When I first got sick in November 2016, I could feel my back arched and my eyes were rolling, my neck was shaking, and my body was going limp.
The pain was excruciating and I was not getting better.
I remember going to my mother’s home in the northern Indian state of Bihar, where my father was working.
I was in the middle of an exam.
At the time, I was one of the few students who did not have a doctor’s note and could not get a doctor to take a sample of my blood to test for any of the serious blood diseases I had been diagnosed with.
I had been treated for an enlarged heart, heart valve problems, and chronic pain in my back.
I could not walk or sit.
I also was unable to walk because of a serious degenerative disease of the pancreas.
The doctors were afraid that the condition would make me too weak to work.
I would have to go to bed at night and my parents would have no way of getting me home for a meal.
My mother was very worried.
I was lucky to have survived my first year at the college in Patna, in Bihar’s northern part.
I have a very close friend, who is a nurse, who took me in.
I had no family, no support network.
I am still not sure why I was lucky.
It is not as if I could have left Patna in January, 2017.
The first year of college in Bihar was a tough one.
I worked as a labourer at the roadside for four days a week and had to be careful not to get in trouble.
The police, who were looking for the gang that murdered my father, found me while I was working in a field.
I received the same punishment as my father.
After the gang was caught, I became a victim of the anti-social elements, including the police.
I began to get more and more aggressive.
I started getting the kind of injuries that I have had for years.
In the early days of my injuries, I used to cry uncontrollably.
Then I was put in the hospital.
My doctor said I was suffering from a serious condition of my back and spine.
She had a very hard time with me, and even after she gave me the diagnosis of osteoarthritis, she did not think I could walk or stand.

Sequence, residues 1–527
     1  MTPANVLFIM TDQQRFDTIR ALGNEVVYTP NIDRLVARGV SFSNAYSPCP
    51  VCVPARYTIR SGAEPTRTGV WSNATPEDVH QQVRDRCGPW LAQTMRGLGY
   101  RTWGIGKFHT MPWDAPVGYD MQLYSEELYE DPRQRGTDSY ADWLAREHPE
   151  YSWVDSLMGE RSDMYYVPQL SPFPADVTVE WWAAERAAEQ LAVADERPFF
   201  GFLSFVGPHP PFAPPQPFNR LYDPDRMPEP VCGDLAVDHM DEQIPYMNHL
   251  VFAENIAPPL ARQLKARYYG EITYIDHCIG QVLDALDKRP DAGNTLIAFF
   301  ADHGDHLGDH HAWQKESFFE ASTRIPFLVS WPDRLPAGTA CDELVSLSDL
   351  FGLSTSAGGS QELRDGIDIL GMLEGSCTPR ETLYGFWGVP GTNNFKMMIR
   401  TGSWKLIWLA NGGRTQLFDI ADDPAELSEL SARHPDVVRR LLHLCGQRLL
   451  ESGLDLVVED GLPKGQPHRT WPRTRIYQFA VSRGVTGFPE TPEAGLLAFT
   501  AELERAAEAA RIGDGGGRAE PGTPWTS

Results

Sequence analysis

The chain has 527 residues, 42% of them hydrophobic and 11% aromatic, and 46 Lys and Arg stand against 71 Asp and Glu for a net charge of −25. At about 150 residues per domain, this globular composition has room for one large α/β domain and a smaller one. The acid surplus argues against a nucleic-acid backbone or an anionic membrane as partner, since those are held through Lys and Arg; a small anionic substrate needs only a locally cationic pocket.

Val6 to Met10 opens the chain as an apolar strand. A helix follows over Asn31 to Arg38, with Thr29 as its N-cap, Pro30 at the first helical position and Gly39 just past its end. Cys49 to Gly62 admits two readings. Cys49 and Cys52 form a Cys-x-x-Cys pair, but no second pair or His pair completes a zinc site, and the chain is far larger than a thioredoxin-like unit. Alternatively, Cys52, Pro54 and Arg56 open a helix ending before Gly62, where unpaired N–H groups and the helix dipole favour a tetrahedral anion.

It was not until I was hospitalized and told that I would not be able to walk for six months that I started to be able.
I still have the same pain, I still feel the same weakness.
In October, I had a stroke.
The first two weeks were really difficult.
I did not know if I would be able go home for the next three months.
I suffered from extreme fatigue.
Then, the second stroke occurred in January.
I went home on a Sunday and I started doing my homework, doing my classes.
I found my parents’ home.
My sister, who had to work as a secretary at the house, came with me and told me that she was going to take me to the hospital, that she would take me for treatment, and that I could go home if I wanted.
When I went back to my house, I found that my mother had also gone home for her own treatment.
I thought, I must be very lucky.
I needed a few days to recover.
My first few weeks at the hospital were difficult, too.
There was a huge workload for me.
I spent all my time in the ICU.
I kept coming home after being admitted to the ICUs.
The ICUs were small and they were crowded.
I used the ICUI to find out what my problems were.
I saw a few nurses and I saw doctors in the nurses’ lounge, but there were no doctors to see me.
The nurses did not understand how I could get to the hospitals.
They had no idea of what I had done.
I also had no support from my parents.
I remember my mother saying that I should work in the fields to help my father and her husband.
But she did nothing for me because I did work in fields and did not pay my rent.
I knew that I needed to be helped, but I did it only in desperation.
When I came back home, I started talking to my father about my condition.
He was very angry and told his daughter that he was going back to work because his wife had left him.
She said, “My parents will take care of you.”
He told me, “I need you.”
My father’s attitude changed.
He came to me one day and said, I want to take you to a doctor.
I said, why?
He said, You are a good student and I want you to come.
He said he wanted to treat you.
He told my father that he would do the same to me. He